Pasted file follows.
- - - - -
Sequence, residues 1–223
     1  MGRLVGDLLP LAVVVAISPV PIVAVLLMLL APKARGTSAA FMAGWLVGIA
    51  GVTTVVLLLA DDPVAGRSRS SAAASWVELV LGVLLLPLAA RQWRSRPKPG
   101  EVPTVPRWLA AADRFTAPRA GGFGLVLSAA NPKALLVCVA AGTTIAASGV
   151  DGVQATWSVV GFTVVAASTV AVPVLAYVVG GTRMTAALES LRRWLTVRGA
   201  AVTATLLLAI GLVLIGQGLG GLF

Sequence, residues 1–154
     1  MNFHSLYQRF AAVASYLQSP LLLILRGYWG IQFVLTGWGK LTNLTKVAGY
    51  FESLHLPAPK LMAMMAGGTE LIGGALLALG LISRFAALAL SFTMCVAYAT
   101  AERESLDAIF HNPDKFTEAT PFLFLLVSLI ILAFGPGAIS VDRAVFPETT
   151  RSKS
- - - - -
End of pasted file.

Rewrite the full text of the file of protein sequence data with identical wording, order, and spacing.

Sequence, residues 1–223
     1  MGRLVGDLLP LAVVVAISPV PIVAVLLMLL APKARGTSAA FMAGWLVGIA
    51  GVTTVVLLLA DDPVAGRSRS SAAASWVELV LGVLLLPLAA RQWRSRPKPG
   101  EVPTVPRWLA AADRFTAPRA GGFGLVLSAA NPKALLVCVA AGTTIAASGV
   151  DGVQATWSVV GFTVVAASTV AVPVLAYVVG GTRMTAALES LRRWLTVRGA
   201  AVTATLLLAI GLVLIGQGLG GLF

Sequence, residues 1–154
     1  MNFHSLYQRF AAVASYLQSP LLLILRGYWG IQFVLTGWGK LTNLTKVAGY
    51  FESLHLPAPK LMAMMAGGTE LIGGALLALG LISRFAALAL SFTMCVAYAT
   101  AERESLDAIF HNPDKFTEAT PFLFLLVSLI ILAFGPGAIS VDRAVFPETT
   151  RSKS